There are a lot of articles out saying that the price of coffee beans is rising too fast for even Starbucks, and that the Seattle coffee giant has simply stopped buying beans. That's not quite true. The source of these articles is a Wall Street Journal interview with Starbucks' chief coffee officer, Craig Russell, who said that Starbucks has very sharply reduced its coffee purchases in the past few weeks as the price of green (unroasted) beans rose over concerns about a drought in Brazil, the world's largest coffee producer.
But of course Starbucks is still buying coffee beans — as Russell explains, the company has locked in prices and bean supplies until Oct. 1, then 40 percent of prices for the next year. Starbucks isn't going shopping for new sources of beans right now because prices are up almost 90 percent this year, and why would it? Quartz's Matt Phillips has this nice chart showing just how crazy coffee's price trajectory has been this year:
But 87 percent from what? As Bloomberg's Alan Bjerga notes in the audio clip below, from NPR's Here & Now, coffee prices were at historic lows just months ago. Did coffee shops and roasters reduce their prices then? Of course not. In fact, the record high for coffee beans on the international market is $3.089 a pound, reached in May 2011. A pound of coffee at Starbucks and comparable retailers costs $12 or more. Last week, Starbucks reported a $427 million profit for the most recent quarter. It can handle the current two-year high of $2.15 a pound for green coffee beans.*
That's not to say that your morning cups of coffee won't get more expensive. Much of what you're paying for in that latte or mocha is the milk, and milk prices are also going up. Also, a 90 percent rise in the raw ingredient of coffee is still a 90 percent rise. But lots of countries grow delicious coffee. If you're not too particular about where your arabica beans come from, or you make your coffee at home, you probably won't see much of a price hike unless green coffee prices keep on rising — or coffee retailers use these sometimes credulous news stories to justify raising prices, because capitalism.
*A pound of green coffee beans doesn't make a roasted pound — the roasting process causes the beans to lose moisture, the darker the roast, the more the weight loss. Peter Weber
Donald Trump leads the Republican presidential race in Indiana with 49 percent support among likely voters, according to a Wall Street Journal/NBC News/Marist poll out Sunday.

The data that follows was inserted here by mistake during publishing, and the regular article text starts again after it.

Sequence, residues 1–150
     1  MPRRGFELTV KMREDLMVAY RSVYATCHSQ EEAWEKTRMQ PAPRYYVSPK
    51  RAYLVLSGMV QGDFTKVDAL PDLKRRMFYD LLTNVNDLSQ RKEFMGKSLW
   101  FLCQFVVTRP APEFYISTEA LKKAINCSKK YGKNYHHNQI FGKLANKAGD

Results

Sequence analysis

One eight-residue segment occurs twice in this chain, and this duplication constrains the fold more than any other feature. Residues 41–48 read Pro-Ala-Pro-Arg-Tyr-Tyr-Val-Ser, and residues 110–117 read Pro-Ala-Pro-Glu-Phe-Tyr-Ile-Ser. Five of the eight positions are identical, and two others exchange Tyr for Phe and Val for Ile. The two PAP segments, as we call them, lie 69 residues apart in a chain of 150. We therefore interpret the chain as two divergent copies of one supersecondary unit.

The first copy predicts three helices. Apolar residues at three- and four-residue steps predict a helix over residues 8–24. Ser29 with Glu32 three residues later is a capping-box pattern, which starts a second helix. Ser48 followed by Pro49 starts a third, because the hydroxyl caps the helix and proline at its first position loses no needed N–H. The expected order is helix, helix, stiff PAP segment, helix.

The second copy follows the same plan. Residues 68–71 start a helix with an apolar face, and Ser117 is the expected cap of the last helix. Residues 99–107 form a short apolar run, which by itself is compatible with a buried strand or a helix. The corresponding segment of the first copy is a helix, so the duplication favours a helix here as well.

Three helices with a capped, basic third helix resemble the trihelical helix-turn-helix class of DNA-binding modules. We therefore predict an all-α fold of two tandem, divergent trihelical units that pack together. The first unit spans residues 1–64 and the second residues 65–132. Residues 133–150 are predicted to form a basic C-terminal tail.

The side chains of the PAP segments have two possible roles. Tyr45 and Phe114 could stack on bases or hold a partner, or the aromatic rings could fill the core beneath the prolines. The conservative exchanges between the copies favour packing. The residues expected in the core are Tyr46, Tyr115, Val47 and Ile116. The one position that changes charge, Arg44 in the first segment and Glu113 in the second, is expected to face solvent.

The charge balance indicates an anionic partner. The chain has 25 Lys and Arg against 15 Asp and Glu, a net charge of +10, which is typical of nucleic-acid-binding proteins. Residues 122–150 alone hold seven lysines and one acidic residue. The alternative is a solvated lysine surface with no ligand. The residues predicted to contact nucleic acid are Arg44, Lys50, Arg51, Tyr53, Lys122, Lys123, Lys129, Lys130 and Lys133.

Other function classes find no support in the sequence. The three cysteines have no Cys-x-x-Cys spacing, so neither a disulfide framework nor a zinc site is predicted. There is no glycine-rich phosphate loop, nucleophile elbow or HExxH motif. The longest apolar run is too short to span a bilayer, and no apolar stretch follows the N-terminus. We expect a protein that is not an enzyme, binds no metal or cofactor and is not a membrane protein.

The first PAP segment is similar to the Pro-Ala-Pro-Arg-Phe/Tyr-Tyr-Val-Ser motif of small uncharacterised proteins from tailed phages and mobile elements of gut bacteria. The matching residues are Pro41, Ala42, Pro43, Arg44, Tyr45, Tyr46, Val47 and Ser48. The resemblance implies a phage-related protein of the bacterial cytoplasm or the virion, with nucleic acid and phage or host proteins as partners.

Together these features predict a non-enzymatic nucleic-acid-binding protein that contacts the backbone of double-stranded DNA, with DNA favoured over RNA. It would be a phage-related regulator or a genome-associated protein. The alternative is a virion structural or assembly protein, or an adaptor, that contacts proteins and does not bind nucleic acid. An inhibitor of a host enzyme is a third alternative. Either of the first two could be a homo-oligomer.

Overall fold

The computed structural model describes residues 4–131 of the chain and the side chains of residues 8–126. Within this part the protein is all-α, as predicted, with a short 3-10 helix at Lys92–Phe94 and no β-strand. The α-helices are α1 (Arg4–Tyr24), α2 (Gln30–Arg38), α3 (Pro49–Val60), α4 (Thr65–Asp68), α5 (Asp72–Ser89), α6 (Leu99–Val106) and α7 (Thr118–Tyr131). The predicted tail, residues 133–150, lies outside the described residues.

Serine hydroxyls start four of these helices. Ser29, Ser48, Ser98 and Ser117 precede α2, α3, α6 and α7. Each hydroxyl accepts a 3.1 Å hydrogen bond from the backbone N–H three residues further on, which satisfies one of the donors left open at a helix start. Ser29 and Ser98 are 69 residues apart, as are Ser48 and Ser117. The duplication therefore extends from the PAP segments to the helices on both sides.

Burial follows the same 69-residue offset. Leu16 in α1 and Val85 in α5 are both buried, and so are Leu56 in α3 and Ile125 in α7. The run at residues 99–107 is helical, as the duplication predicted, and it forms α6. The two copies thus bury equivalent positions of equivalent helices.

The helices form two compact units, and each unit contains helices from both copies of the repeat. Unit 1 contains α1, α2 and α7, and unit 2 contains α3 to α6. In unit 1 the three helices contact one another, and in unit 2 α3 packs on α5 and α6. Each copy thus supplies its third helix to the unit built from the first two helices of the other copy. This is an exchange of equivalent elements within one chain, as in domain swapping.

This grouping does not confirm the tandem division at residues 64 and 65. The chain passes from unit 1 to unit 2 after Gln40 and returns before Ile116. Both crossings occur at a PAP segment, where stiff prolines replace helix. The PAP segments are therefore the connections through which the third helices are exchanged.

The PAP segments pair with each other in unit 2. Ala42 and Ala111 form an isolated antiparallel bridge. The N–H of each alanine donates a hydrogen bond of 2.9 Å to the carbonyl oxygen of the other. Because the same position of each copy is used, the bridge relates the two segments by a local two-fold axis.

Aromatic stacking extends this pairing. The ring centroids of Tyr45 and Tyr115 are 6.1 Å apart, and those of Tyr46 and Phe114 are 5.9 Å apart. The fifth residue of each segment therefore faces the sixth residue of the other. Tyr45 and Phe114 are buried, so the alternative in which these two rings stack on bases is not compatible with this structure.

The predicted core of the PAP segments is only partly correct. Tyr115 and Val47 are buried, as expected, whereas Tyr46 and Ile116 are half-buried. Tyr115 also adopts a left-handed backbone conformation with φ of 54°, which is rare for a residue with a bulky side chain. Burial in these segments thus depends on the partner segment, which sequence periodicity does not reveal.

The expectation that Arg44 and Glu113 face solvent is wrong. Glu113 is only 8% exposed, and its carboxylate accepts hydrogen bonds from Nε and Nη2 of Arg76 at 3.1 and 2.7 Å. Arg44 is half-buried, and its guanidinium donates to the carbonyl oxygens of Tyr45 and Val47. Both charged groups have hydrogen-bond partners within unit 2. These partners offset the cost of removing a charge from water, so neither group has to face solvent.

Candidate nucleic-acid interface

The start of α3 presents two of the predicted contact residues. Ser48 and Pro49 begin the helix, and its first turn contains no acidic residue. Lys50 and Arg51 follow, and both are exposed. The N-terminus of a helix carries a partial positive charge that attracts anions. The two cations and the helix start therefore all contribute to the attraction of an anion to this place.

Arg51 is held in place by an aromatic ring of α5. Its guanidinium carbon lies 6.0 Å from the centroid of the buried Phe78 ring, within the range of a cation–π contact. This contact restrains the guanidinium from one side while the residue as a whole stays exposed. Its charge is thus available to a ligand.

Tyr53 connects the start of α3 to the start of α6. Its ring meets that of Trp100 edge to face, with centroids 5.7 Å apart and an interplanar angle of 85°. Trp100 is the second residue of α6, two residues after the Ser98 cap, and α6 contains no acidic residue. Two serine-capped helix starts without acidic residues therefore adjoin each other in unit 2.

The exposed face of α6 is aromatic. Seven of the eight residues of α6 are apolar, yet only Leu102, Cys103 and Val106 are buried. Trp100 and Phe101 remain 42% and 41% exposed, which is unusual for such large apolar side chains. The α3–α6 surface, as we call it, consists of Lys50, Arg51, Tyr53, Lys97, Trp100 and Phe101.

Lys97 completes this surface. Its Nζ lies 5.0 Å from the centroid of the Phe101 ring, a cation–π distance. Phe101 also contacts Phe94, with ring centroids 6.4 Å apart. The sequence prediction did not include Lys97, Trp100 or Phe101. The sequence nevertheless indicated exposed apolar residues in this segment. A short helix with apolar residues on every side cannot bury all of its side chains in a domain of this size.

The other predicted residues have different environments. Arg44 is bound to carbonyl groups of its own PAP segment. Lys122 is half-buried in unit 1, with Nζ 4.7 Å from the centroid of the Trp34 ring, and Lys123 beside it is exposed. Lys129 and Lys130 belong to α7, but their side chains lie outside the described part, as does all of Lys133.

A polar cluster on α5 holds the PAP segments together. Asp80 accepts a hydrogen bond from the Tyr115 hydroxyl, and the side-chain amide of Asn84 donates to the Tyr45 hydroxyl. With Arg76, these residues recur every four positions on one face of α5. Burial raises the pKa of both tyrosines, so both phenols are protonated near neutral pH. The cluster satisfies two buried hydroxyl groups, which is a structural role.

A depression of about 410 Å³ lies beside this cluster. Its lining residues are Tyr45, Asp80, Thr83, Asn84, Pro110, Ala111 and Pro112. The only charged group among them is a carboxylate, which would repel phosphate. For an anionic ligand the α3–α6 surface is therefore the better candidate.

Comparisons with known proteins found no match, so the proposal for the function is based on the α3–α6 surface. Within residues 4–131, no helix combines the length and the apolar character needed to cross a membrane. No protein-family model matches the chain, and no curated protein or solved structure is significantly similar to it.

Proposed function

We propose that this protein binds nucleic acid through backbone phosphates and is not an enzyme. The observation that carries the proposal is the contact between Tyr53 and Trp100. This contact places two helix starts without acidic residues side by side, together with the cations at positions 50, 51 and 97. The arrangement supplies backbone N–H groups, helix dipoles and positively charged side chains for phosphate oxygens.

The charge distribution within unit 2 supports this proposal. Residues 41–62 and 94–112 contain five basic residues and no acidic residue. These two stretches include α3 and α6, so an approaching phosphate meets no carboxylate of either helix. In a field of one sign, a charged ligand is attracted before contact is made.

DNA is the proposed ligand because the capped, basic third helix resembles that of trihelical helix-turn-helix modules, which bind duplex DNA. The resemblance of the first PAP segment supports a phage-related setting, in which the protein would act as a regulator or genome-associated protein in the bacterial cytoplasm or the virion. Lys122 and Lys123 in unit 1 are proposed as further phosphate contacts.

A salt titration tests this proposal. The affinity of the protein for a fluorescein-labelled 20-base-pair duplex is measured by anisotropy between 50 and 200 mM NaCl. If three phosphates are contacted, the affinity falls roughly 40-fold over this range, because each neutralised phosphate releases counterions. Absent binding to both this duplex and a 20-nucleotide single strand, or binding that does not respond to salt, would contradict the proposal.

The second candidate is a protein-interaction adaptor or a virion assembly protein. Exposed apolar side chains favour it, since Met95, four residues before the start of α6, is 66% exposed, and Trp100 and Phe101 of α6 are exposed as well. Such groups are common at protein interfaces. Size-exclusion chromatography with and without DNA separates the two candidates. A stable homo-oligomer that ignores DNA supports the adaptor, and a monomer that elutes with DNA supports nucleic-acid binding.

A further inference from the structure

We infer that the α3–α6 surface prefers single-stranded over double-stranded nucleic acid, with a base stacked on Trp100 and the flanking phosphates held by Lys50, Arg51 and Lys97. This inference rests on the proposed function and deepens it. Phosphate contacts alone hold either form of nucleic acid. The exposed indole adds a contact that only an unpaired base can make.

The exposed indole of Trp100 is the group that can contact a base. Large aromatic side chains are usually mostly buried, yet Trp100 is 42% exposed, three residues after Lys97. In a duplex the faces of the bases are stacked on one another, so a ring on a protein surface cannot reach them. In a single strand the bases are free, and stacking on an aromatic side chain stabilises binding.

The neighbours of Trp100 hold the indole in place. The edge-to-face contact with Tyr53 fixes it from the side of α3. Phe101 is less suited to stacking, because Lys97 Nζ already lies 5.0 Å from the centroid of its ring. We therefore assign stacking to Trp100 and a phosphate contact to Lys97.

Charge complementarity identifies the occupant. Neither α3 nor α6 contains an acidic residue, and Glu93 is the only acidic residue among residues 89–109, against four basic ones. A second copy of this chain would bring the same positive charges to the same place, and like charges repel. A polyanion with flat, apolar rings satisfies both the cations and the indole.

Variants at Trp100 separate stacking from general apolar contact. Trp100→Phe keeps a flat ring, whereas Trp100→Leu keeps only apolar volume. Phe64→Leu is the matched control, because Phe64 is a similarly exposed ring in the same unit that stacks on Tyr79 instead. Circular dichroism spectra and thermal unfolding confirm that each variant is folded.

Ted Cruz sits 15 percentage points behind, with 34 percent support, and John Kasich notched just 13 percent. The margin of error is 3.9 percentage points.
On the Democratic side, Hillary Clinton holds a narrow lead over Bernie Sanders, 50 percent to 46 percent, ahead of Tuesday's primaries. That's smaller than the poll's 4.6-point margin of error. Julie Kliegman
Sen. Ted Cruz (R-Texas) picked up about 80 delegates of more than 170 on the table at local and state conventions Saturday, Politico reports.
He snagged a majority of delegates in Arizona and Virginia, two states that strongly backed Donald Trump in primaries. Cruz also made gains in Missouri. Trump fared well in Massachusetts, Alaska, and Arkansas.
Most delegates are obligated to support the winner of their state's nominating contest on the Republican National Convention's first ballot, but can switch allegiances in future rounds of voting. Cruz's strategy banks on Trump not being able to grab the minimum of 1,237 delegates needed to secure the party's nomination outright. Julie Kliegman
President Obama spared no one when he took the stage Saturday at his final White House Correspondents' Dinner. He poked fun at journalists, Democrats, and Republicans alike, saving his harshest jokes for Donald Trump, who didn't attend.
"You have a room full of reporters, celebrities, cameras. And he says no. Is this dinner too tacky for The Donald? What could he be possibly doing instead?" Obama said. "Eating a Trump Steak? Tweeting out insults to Angela Merkel? What's he doing?"
The president proceeded to end his speech with a literal mic drop. Julie Kliegman
— ABC News (@ABC) May 1, 2016
Sen. Marco Rubio (R-Fla.) maintained Friday that he'll support the Republican presidential nominee, even if that somebody happens to be Donald Trump, The Palm Beach Post reports.
In fact, Rubio might be more impressed with the billionaire business mogul than usual, saying his "performance has improved significantly" recently.
Republican presidential frontrunner Donald Trump was none too thrilled Saturday with the protesters who blocked his way into California's Republican convention the day before:
The "protesters" in California were thugs and criminals. Many are professionals. They should be dealt with strongly by law enforcement!
— Donald J. Trump (@realDonaldTrump) April 30, 2016
Leave it to Trump to make an off-color joke about the incident once he made it inside the hotel Friday.
Jimmy Fallon has been singing bits and pieces of Styx's "Too Much Time on My Hands" on The Tonight Show for days. On Friday, he and actor Paul Rudd took the obsession to its natural conclusion, creating a shot-by-shot remake of the '80s music video. The end result is sufficiently goofy. Take a look below. Julie Kliegman